public string OtherBData { get; set; }
    public override string ToString()
    {
        return string.Format("SomeOtherDateTime: {0}, OtherBData: {1}", SomeOtherDateTime, OtherBData);
    }
}

Sample Output:

 A: SomeDateTime: 12/11/1980 12:00:00 AM, OtherAData: First A
 B: SomeOtherDateTime: 12/11/1990 12:00:00 AM, OtherBData: First B
 A: SomeDateTime: 12/11/2000 12:00:00 AM, OtherAData: Second A
 B: SomeOtherDateTime: 12/11/2010 12:00:00 AM, OtherBData: Second B
4
  • "(from a in unionableA select a)"... Why is this necessary? Aug 17, 2016 at 21:35
  • you are correct, and more, the from b part is also unnecessary. I will update the example and remove the superfluous code. Thanks! Aug 18, 2016 at 20:19
  • Does union make sense in this case rather than only concat?
    – Forss
    Aug 19, 2016 at 7:56
  • In this case, union and concat will behave identically, since it will do a reference comparison and the objects can never be the same. There might be a slight performance increase with concat, but you wouldn't see it in this example of course. Aug 19, 2016 at 12:27
1

Well, apart of interface solution, you can use abstract class and this class can contain default implementation of method Print :

abstract class AbstractClass
{
    protected string Details { get; set; }
    public DateTime DT { get; set; }

    private AbstractClass() { }

    protected AbstractClass(string details) { Details = details;}

    public virtual void Print()
    {
        Console.WriteLine($"{Details} {DT}");
    }
}

internal class ClassA : AbstractClass
{
    public ClassA() : base("A") { }
}

class ClassB : AbstractClass
{
    public ClassB() : base("B") { }
}

Usage :

var commonList = listA.Concat(listB.Cast<AbstractClass>()).OrderBy(e => e.DT).ToList();

commonList.ForEach(obj => obj.Print());
1

If you don't want to create a base type or interface you can do something like this:

new List<IEnumerable<dynamic>> { listA, listB }
    .SelectMany(x => x)
    .OrderBy(x => x.Date).ToList()
    .ForEach(x => Print(x));

You'll obviously need a Print() function, overloaded for class_A and class_B.

Making Print() a member function or extension method would make the above code even neater.

0

Create a third class having the properties of the other two. Then create a list of its objects and sort it by datetime.

1
  • 7
    An interface would be enough, no need to use a third class.
    – sloth
    Aug 17, 2016 at 12:11
0

I'd suggest a simpler way using an anonymous type with Action delegate. No need to change the definition of A and B, no need to introduce extra classes/interfaces.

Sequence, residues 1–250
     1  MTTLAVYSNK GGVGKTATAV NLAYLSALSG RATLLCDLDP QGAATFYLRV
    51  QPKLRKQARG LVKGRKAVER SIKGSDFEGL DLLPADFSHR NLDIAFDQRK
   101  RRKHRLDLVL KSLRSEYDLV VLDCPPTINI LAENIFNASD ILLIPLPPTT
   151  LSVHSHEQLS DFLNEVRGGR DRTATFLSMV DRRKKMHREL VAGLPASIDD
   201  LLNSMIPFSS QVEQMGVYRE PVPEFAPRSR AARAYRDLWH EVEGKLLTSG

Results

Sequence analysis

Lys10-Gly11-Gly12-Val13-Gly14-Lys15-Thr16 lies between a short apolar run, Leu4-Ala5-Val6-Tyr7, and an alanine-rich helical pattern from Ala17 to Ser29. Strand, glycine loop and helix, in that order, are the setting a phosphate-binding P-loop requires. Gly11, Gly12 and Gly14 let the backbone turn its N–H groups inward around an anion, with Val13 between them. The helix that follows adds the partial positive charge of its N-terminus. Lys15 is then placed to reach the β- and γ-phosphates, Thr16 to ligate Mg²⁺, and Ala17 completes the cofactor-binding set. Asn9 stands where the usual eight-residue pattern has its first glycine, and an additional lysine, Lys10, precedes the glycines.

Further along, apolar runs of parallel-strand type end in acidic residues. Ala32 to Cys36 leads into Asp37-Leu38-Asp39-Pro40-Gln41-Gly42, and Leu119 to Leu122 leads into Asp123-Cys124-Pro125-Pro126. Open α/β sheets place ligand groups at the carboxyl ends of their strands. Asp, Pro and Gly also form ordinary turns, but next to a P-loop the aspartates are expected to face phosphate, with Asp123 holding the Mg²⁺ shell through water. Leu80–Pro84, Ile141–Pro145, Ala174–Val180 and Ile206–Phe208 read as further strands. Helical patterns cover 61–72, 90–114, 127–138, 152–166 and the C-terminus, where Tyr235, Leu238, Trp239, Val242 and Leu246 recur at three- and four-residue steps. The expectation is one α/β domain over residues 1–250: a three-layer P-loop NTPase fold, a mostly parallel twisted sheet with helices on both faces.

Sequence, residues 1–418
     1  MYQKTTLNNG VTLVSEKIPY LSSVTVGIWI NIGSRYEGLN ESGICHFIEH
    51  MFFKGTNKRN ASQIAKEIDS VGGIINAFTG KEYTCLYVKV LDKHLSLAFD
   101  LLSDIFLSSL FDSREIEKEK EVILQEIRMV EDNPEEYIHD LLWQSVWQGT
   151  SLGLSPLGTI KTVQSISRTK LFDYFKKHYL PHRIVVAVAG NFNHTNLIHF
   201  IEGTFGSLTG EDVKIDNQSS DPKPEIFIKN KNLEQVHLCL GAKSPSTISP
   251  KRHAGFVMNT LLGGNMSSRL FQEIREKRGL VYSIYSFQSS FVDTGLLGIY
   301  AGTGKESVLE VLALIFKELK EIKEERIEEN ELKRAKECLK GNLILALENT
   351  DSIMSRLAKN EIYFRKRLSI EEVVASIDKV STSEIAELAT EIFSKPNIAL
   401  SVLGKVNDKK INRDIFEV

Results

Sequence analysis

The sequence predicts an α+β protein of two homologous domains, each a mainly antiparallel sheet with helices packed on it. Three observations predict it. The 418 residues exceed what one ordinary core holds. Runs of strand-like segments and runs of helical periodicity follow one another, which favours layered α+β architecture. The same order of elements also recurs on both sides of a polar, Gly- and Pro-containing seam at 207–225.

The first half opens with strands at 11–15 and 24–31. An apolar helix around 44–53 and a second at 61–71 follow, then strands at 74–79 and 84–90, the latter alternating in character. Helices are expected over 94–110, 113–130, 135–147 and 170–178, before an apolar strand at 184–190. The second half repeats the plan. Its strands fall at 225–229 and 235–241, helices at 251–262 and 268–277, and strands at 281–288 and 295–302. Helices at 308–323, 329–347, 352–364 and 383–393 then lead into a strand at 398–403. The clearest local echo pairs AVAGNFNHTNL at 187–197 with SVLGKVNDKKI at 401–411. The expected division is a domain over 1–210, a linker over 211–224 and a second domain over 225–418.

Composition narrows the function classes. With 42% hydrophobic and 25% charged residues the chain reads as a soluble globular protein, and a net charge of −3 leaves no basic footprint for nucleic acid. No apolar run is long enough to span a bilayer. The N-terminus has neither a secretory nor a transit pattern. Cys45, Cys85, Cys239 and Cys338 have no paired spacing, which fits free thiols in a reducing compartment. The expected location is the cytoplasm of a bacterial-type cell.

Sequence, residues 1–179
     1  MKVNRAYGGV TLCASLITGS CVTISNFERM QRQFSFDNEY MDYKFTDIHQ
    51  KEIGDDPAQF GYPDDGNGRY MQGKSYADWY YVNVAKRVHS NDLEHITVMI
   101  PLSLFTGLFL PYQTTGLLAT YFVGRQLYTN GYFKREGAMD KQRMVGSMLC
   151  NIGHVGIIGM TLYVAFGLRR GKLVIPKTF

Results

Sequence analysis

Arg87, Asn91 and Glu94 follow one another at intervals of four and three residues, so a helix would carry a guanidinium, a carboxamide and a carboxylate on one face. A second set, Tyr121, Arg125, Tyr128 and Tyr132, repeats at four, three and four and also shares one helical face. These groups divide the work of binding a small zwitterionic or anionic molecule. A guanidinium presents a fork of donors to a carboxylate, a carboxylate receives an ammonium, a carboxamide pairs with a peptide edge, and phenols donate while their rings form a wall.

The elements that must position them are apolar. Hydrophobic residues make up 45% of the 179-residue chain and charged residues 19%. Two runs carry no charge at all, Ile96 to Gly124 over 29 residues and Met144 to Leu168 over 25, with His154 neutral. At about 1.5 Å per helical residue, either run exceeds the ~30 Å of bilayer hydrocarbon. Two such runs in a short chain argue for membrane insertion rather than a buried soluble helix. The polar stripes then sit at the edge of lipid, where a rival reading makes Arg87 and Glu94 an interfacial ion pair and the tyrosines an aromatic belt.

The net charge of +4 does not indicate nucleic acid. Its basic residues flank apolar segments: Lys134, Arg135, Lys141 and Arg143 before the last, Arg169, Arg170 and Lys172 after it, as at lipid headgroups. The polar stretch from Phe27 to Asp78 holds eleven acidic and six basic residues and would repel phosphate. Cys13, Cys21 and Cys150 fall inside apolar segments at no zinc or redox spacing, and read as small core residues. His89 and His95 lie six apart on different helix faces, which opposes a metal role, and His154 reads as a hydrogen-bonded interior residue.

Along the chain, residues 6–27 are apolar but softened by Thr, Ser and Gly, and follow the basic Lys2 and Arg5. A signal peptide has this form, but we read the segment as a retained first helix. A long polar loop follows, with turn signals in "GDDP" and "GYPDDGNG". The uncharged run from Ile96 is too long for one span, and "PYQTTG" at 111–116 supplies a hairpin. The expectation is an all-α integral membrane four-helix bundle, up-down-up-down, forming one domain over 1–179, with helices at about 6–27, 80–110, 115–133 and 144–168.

class A
{
    public DateTime Date;
    public void Print() { Console.Write("A"); }
}

class B
{
    public DateTime Date;
    public void Print() { Console.Write("B"); }
}

class Program
{
    static void Main(string[] args)
    {
        // Generate sample data
        var r = new Random();

        var listA = Enumerable.Repeat(0, 10)
            .Select(_ => new A { Date = new DateTime(r.Next()) })
            .ToList();

        var listB = Enumerable.Repeat(0, 10)
            .Select(_ => new B { Date = new DateTime(r.Next()) })
            .ToList();


        // Combine the two lists into one of an anonymous type
        var combined = listA.Select(a => new { a.Date, Print = new Action(() => a.Print()) })
            .Concat(listB.Select(b => new { b.Date, Print = new Action(() => b.Print()) }))
            .OrderBy(c => c.Date)
            ;

        foreach (var item in combined)
        {
            item.Print();
            Console.Write(": " + item.Date);
            Console.WriteLine();
        }
    }
}
0

if I get the problem right then I would use a proxy class like this:

    public class Proxy
    {
        public object obj { get; set; }
        public DateTime date { get; set; }
    }

    var listAll = listA.Select(a => new Proxy { obj = a, date = a.date }).Union(listB.Select(b => new Proxy { obj = b, date = b.date })).OrderBy(d=>d.date).ToList();

    listAll.ForEach(c => 
       {
            if (c.obj.GetType() == typeof(A))
                printA(((A)c.obj));
            else if (c.obj.GetType() == typeof(B))
                printB(((B)c.obj));

       }

but I would rather let printing method to decide who is who

-2

First, order the first by its property, then cast it to object, then concatenate it with the second list ordered by its property:

var lists = listA
.OrderBy(x => x.DateTimeProp)
.OfType<object>()
.Concat(
  listB
  .OrderBy(x => x.DateTimeProp)
  .OfType<object>()
);

After this, you can iterate through all items and act according to each item's type. Of course, this sorts each list independently. If you need to sort globally, you either need a base class or a shared interface that exposes the sortable property.

4
  • 3
    BTW that doesn't work. Have a look to the question that the sorted list should look like. Maybe listA.Cast<dynamic>().Concat(listB.Cast<dynamic>()).OrderBy(x => x.DateTimeProp) might work. Aug 17, 2016 at 12:20
  • 6
    Wouldn't that just create a list with all of List A in date order followed by all of List B in date order? As far as I understand it, what is required is a combined list of both List A & B sorted into date order.
    – PaulF
    Aug 17, 2016 at 12:37
  • When the list of objects is returned as Object's, how can you convert back the object into the respective classes ? I might overthinking it right now
    – Beltaine
    Aug 17, 2016 at 12:46
  • @PaulF: you are right, my solution sorts the two independently. Aug 17, 2016 at 13:17